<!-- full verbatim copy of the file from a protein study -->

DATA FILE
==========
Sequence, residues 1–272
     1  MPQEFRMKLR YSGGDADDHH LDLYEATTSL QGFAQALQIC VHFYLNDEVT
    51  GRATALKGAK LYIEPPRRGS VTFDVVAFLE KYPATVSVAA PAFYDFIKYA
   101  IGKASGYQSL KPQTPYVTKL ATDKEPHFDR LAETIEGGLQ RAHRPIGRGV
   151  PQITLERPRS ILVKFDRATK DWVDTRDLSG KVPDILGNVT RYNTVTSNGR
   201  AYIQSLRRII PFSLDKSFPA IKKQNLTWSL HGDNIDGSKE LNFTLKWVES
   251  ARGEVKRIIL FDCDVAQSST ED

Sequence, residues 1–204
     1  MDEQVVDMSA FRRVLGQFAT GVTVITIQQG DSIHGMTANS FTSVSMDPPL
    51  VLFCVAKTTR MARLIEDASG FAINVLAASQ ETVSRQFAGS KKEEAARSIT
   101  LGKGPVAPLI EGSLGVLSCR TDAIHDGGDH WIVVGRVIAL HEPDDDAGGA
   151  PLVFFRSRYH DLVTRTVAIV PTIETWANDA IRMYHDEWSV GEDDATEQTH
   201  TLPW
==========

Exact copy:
Sequence, residues 1–272
     1  MPQEFRMKLR YSGGDADDHH LDLYEATTSL QGFAQALQIC VHFYLNDEVT
    51  GRATALKGAK LYIEPPRRGS VTFDVVAFLE KYPATVSVAA PAFYDFIKYA
   101  IGKASGYQSL KPQTPYVTKL ATDKEPHFDR LAETIEGGLQ RAHRPIGRGV
   151  PQITLERPRS ILVKFDRATK DWVDTRDLSG KVPDILGNVT RYNTVTSNGR
   201  AYIQSLRRII PFSLDKSFPA IKKQNLTWSL HGDNIDGSKE LNFTLKWVES
   251  ARGEVKRIIL FDCDVAQSST ED

Sequence, residues 1–204
     1  MDEQVVDMSA FRRVLGQFAT GVTVITIQQG DSIHGMTANS FTSVSMDPPL
    51  VLFCVAKTTR MARLIEDASG FAINVLAASQ ETVSRQFAGS KKEEAARSIT
   101  LGKGPVAPLI EGSLGVLSCR TDAIHDGGDH WIVVGRVIAL HEPDDDAGGA
   151  PLVFFRSRYH DLVTRTVAIV PTIETWANDA IRMYHDEWSV GEDDATEQTH
   201  TLPW